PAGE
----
DoD tightens enforcement of cyber regulations on contractors to protect data

After years of preparing companies for stricter cybersecurity requirements, DoD is finally cracking down.

The Defense Department is tightening the cybersecurity standards contractors need to meet in order to do business with the Pentagon.

DoD released a handful of new guidance and memos over the last three months, giving teeth to rules that require companies to shape up their cybersecurity practices or risk losing business.

The policies are based off of a rule DoD tried to implement back in 2013, but realized contractors needed more time to comply. The rule finally took effect at the end of 2017, and companies that want to work with the Pentagon need to make sure they are up to snuff when complying with the National Institute of Standards and Technology Special Publication 800-171.

“DoD wants to get everyone to a certain cybersecurity level,” Susan Cassidy, a partner specializing in defense and procurement at Covington and Burling LLP told Federal News Network. “Now they are tightening up and they are going to make it a performance and award differentiator.”

The two policies outline what the Pentagon expects from contractors and what consequences there will be for noncompliance.

Cassidy said before an award, DoD’s policy requires companies attest that they implemented the minimum standards of special publication 800-171. DoD also wants companies to agree to add more security controls beyond the NIST standards when companies are handling government information that’s especially sensitive. Finally, DoD explains in the guidance how it will make sure contractors’ cyber practices are up to par. The evaluations include the possibility of conducting on-site assessments of a contractor’s information systems.

“DoD is going to evaluate our compliance with 800-171 as part of an award decision,” Cassidy said. “The system security plans, which are probably for the most part put together by your IT team, are also something that should be read by your business development team and your legal team because they are going to become part of the evaluation factors potentially and that means it’s going to impact your competitive landscape.”

System security plans are outlines of how companies plan to comply with the cybersecurity standards.

DoD laid out post-award expectations as well.

Ian Brekke, an associate at Covington and Burling LLP, said DoD expects the delivery of a system security plan from the prime contractor. DoD also warns contractors they will be subject to audit and that contractors must identify subcontractors who will be receiving or developing controlled defense information.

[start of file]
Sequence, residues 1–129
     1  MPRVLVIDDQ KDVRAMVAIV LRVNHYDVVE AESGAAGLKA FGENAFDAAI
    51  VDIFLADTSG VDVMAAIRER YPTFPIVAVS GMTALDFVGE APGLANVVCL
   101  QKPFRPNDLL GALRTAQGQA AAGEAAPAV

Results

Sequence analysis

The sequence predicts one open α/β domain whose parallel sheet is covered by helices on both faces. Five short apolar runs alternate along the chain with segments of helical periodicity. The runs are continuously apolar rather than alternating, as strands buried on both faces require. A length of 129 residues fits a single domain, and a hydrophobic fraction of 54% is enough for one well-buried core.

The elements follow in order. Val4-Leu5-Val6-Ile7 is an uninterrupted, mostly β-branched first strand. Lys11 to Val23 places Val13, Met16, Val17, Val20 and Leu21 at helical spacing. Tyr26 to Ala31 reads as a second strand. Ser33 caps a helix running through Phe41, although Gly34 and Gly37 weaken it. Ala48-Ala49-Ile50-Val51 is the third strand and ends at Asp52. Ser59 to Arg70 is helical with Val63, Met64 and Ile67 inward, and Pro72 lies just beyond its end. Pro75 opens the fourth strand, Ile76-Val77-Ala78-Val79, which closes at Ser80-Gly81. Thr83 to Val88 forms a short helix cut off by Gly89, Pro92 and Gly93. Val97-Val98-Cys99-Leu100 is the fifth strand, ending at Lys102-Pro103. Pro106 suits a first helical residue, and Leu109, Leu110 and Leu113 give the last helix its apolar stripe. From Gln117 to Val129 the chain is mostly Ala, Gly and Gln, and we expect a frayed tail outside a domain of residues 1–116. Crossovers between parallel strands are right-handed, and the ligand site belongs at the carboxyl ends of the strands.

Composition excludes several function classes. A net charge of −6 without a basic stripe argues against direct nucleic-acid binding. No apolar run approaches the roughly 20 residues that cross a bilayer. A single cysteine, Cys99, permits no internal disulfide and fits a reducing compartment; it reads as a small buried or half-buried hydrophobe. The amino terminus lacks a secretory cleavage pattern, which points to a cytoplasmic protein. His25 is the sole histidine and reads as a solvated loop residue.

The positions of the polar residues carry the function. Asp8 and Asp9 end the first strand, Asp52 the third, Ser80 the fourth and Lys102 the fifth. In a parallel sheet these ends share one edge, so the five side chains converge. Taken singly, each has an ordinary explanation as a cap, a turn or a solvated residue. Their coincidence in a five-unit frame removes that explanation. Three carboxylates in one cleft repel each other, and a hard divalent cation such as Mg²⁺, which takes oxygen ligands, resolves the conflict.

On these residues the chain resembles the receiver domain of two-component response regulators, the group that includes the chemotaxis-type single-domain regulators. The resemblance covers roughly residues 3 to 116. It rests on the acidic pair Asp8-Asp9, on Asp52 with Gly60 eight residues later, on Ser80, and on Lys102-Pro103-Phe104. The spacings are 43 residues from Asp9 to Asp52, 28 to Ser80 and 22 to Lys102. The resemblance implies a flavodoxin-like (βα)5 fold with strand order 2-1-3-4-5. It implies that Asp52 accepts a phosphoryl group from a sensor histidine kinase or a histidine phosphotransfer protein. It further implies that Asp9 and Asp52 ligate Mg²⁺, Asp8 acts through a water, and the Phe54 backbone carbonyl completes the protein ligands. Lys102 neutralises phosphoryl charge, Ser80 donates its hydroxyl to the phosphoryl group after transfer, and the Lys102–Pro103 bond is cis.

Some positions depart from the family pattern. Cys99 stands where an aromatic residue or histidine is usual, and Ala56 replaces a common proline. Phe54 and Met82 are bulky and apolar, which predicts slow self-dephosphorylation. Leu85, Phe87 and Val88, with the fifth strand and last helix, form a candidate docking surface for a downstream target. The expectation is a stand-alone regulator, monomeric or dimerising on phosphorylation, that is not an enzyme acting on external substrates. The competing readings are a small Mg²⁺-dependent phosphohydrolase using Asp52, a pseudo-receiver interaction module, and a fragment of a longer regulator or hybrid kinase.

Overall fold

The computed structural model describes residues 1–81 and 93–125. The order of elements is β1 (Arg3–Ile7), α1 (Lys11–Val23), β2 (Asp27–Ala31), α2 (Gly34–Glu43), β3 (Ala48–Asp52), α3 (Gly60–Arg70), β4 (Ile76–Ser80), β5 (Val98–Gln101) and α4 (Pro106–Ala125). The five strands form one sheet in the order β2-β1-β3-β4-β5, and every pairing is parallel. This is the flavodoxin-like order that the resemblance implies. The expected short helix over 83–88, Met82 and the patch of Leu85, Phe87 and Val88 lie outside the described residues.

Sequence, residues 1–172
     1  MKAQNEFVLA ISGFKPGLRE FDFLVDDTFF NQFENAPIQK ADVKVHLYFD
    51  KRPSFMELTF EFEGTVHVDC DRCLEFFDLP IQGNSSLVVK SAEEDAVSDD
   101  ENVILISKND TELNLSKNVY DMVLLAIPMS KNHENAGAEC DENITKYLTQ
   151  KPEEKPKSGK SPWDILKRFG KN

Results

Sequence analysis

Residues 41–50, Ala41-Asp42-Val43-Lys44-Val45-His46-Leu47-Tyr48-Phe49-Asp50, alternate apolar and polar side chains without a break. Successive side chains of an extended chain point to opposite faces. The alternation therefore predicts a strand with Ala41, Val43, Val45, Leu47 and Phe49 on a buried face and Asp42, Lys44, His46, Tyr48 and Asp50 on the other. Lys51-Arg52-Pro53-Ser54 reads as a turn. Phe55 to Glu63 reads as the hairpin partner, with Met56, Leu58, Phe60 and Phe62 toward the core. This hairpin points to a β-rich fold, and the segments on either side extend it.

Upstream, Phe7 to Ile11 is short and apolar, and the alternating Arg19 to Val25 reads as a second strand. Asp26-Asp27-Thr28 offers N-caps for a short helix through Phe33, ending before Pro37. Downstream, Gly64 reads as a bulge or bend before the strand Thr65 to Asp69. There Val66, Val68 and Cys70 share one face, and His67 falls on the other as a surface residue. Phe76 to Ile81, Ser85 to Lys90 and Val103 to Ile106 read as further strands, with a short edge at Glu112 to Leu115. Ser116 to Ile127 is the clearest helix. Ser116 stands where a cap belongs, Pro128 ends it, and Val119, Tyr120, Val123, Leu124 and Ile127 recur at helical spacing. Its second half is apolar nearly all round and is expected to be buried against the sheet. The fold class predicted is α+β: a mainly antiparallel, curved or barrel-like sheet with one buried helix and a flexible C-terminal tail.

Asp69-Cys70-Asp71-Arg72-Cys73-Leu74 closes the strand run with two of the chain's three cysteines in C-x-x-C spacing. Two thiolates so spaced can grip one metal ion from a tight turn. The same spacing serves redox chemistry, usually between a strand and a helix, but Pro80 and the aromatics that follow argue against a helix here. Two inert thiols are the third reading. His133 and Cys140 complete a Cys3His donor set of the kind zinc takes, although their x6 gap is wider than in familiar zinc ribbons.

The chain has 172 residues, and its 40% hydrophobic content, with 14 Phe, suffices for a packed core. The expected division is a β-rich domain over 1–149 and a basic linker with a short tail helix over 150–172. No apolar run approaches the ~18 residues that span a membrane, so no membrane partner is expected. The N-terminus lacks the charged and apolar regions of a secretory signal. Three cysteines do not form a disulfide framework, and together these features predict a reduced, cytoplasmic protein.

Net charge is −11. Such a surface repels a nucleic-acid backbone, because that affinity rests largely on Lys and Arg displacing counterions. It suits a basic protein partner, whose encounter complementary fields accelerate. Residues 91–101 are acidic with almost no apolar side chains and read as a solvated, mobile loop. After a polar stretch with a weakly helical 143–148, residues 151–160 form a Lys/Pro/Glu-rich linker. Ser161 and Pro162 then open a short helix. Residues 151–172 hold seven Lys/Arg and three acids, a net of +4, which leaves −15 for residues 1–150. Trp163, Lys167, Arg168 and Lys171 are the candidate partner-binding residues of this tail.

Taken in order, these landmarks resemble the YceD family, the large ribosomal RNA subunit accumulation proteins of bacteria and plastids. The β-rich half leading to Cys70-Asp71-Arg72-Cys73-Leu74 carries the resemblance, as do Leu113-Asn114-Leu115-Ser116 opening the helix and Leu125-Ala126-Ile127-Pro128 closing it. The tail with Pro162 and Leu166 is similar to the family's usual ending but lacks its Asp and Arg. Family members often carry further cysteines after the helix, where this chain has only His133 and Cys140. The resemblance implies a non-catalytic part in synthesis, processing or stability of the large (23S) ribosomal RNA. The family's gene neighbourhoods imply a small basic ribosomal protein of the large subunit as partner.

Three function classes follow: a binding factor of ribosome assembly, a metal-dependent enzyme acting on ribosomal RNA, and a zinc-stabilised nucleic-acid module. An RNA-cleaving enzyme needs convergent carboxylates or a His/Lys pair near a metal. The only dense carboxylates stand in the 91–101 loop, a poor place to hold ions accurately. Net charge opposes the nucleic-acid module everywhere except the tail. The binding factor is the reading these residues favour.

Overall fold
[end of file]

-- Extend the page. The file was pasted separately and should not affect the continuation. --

DoD further defined what it expected from pre- and post-award requirements in two subsequent memos from Assistant Secretary of Defense for Acquisition Kevin Fahey and Undersecretary of Defense for Acquisition and Sustainment Ellen Lord.

The Fahey memo further explains that the government will need systems security plans from subcontractors and how controlled defense information should be shared with subcontractors.

Lord’s memo addresses auditing contractors’ purchasing systems so the Defense Contract Management Agency can provide oversight and assess compliance.

DoD is already starting to train a closer eye on companies and their cybersecurity standards.

In June, the DoD Inspector General’s Office announced it is conducting an audit to determine whether DoD contractors have security controls in place to protect DoD information stored on their systems and networks from cyber threats.

Why it’s needed

In the past few years, DoD and the government as a whole fell victim to cyber breaches, which compromised personal information and government documents.

DoD is wisening up to the cyber threats, but is still scrambling to close the holes in its system vulnerable to hackers.

Cassidy said while DoD needs the protection, it’s a heavy lift for some companies.

“This does impose additional requirements on small businesses that may be very difficult for certain small companies to meet,” she said. “DoD has been pretty clear, especially in the recent past, that their concern is about their data. The risk of a breach is probably greater than a concern that a small business may not be able to participate.”

Cassidy said there are ways to circumvent the issues. Small companies that are simply providing a part for a larger weapons system can do things by paper. Prime contractors who contract out to small businesses can have the small business work on the prime’s networks.

DoD is showing it means business too. Another guidance that came out late last year outlines some of the consequences of not complying.

For instance, if a company submits a systems security plan, but does not follow it there is a possibility the company could have a false claim or be in breach of contract, Cassidy said.

“They have new weapons to come after you both on a false claims act approach, and on a breach of contract approach,” she said. “It could also impact your past performance.”

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